Tue Apr 5th, 2011 at 05:46:41 AM EST
A few days ago Frank Schnittger posted a very interesting diary on Samantha Power, the Monster, and the Libyan Intervention, inviting a discussion on what I think are fundamental questions and problems in liberal thought and political philosophy in the context of the Libyan Intervention. Later in that diary, ceebs posted another quite interesting discussion of the origins and evolution of the idea of military humanitarian interventionism from the Adam Curtis Blog, Goodies and Baddies.
However, the diary got hijacked by a discussion of DPU ammunition without really addressing the matters initially presented for discussion. So, round 2!
front-paged by afew
In particular, I would like to bring up the fundamental issues of political philosophy that are brought to light in this context, and the ways they seem to have irreconcilable conflicts. In this way, I hope to preempt the easy, cynical comments that have often arisen to this issue - "Oh, this is just Empire 2.0" and whatnot. It may be, but that's not the point I think is particularly interesting.
As I see it, this key issue at the heart of this issue is human rights. The idea of human rights is a core part of the basic political philosophies built into Liberal Democracy, and it is the extension of this idea of human rights to the world as a whole that is at the heart of the Liberal Interventionist argument. Namely, that all people in the world have basic human rights, and that when these rights are violated, some sort of criminal action is taking place. Thus the idea of War Crimes.
The problem with rights is that if they are not enforced they do not exist. So, if the human rights of <insert oppressed group here, or X> are being violated, and those who violate them are not taken to account in some way, then it exposes the idea as a sham.
So, given that the rights of X are being violated, by-standers in powerful country A have a couple choices.
- Stand by and do nothing, showing clearly their indifference to the violation of X's rights. For many, indifference of this sort is tantamount to support for the violation, along the lines of being accessory to a crime. If you see someone committing a crime, and do not stop them, then you too are guilty, at least a little, of that crime.
- Try to help those suffering, and use non-violent methods to try and stop the violations of human rights. This is the response of the Doctors without Borders group, I gather. But while a band-aid is better than nothing, it's not going to stop a massacre. And while diplomatic pressure may stop large states from engaging in full-scale war, it has repeatedly proven ineffective in stopping local militias from using small arms and machetes to commit horrible atrocities.
- Use military force to stop the atrocities, or to punish the guilty.
All three options are obviously problematic. 1 and 2 both seriously question one's commitment to the notion of human rights, as they are incapable of either stopping atrocity or of bringing those responsible to justice.
3 brings up an entirely different sort of philosophical conflict, though - human rights versus self-determination (or anti-imperialism), and human rights versus pacifism.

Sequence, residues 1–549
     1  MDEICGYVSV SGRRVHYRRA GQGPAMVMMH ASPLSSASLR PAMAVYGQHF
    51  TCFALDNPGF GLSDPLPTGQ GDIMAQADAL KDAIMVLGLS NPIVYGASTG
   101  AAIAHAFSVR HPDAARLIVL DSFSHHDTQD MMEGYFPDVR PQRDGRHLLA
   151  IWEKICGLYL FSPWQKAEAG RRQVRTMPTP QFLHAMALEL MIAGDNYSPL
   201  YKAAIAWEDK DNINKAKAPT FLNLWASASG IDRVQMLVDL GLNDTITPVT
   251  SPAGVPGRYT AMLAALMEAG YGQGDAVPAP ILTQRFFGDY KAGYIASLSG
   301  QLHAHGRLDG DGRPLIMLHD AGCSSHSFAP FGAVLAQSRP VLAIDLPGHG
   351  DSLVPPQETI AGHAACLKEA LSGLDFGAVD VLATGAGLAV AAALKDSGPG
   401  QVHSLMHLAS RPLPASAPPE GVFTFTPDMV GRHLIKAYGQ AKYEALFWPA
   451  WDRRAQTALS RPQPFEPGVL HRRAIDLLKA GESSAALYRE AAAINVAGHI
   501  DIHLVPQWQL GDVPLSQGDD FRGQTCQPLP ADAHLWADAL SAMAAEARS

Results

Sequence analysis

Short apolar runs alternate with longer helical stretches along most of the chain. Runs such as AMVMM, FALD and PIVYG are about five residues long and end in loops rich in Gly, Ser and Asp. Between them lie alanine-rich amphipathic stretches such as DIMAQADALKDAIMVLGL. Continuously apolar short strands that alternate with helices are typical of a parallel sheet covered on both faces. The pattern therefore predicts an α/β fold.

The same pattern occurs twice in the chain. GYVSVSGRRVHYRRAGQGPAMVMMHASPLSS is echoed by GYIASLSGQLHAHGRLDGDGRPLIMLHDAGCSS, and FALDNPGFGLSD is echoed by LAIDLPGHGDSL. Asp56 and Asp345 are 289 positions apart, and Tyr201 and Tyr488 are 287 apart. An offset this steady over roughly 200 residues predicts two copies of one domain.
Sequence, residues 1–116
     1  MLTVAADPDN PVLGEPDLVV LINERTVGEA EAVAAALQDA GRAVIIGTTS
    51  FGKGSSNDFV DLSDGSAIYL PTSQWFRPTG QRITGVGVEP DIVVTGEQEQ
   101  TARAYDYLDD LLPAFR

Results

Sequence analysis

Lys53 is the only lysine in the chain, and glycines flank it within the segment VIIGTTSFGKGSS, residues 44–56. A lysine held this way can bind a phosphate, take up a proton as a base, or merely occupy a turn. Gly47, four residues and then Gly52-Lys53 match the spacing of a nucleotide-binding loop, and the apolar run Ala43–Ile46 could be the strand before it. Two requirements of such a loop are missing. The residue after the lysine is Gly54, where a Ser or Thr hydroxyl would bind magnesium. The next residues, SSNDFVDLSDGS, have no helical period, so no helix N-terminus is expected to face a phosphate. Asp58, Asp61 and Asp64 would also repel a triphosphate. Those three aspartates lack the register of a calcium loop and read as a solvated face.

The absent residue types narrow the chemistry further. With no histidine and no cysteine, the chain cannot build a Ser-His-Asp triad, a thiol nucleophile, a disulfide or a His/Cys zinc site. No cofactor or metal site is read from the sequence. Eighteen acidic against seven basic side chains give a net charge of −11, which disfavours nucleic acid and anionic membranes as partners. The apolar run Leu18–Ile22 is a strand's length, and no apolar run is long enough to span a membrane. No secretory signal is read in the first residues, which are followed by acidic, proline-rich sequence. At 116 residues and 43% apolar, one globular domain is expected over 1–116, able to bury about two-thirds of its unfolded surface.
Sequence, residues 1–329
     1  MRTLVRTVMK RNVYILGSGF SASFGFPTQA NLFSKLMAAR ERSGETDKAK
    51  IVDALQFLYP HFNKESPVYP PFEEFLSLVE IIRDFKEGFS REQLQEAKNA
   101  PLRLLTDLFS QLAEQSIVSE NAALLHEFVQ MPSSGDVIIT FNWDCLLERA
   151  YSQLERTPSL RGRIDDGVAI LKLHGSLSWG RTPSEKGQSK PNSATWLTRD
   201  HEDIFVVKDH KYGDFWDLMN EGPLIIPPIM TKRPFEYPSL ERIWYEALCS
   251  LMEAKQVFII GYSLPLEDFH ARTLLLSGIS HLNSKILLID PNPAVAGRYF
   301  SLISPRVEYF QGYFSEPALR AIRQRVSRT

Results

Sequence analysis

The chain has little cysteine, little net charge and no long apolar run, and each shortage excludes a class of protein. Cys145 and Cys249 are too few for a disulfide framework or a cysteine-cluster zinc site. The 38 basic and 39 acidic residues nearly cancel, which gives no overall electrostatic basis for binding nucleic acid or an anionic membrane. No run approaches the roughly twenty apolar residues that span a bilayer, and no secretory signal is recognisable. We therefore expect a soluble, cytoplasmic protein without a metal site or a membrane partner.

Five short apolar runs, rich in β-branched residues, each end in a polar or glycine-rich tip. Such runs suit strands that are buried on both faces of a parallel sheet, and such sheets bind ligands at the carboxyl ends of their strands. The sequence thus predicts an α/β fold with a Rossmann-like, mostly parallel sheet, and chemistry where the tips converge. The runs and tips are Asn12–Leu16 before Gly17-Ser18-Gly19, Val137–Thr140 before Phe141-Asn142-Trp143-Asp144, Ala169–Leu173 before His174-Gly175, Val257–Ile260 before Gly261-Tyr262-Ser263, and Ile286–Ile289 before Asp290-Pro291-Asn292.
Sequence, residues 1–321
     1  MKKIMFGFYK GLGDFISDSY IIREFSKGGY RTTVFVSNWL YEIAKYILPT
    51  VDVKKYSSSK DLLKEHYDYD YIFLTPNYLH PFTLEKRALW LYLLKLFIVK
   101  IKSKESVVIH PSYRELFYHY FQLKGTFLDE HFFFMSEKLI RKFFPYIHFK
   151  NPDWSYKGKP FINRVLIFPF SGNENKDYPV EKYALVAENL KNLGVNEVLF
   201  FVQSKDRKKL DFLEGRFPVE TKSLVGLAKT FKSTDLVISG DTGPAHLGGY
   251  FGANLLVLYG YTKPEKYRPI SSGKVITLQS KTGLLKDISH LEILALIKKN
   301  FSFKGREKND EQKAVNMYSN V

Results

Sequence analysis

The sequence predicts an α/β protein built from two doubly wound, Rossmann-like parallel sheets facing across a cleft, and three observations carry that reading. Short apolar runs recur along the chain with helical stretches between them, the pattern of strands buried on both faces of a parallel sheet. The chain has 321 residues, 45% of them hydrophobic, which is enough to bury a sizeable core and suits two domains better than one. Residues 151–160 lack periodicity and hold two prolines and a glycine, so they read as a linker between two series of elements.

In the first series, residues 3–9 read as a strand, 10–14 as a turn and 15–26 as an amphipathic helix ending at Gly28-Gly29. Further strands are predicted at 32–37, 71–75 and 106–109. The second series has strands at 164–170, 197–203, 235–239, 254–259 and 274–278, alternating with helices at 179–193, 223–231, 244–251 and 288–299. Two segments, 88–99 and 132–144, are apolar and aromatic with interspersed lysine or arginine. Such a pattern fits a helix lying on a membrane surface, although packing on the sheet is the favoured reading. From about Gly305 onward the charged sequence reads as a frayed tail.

Namely, does anyone have the right to judge the actions of a group or sovereign entity to which one has no direct connection? Do they not have the right to determine their own actions and behaviors, without judgment from the outside? If so, then what right do liberal do-gooders in rich, peaceful societies have to question whats going on in the rest of the world? Further, how is such interference any different from Imperialism?
On the other hand, if one does not believe in the use of violence or force in any context, or believes that all violent deaths are the same no matter who the perpetrator, or will not countenance the use of violence to stop other acts of violence, than the idea of a military intervention over human rights is obviously unacceptable.
From the other side, a strong supporter of human rights can very easily come around to supporting Global Empire, and though not particularly popular at the moment I can imagine the outlines of a very coherent and well-argued case for the issue, so long as one is not particularly worried about either self-determination or non-violence.
Now, if someone can come up with a coherent way to blend these three basic liberal beliefs - human rights, self-determination, and non-violence - in a manner that actually works, I'll be very impressed. But I really don't think it's possible, as the notion of human rights has a clear statement of value at its core, while self-determination and non-violence both seem to be positions of moral-relativism. As such, there is an inherent and un-resolvable conflict at a very basic level. I think that a lot of the moral confusion over events like the Libya intervention stems from this conflict between incompatible political beliefs, and that further this incompatibility is the equivalent of an oozing wound on the side of liberal philosophy in general, one that saps its supporters of the energy and will necessary to make strong arguments and win debates in the public arena as a whole.
But maybe I'm missing something. Any thoughts?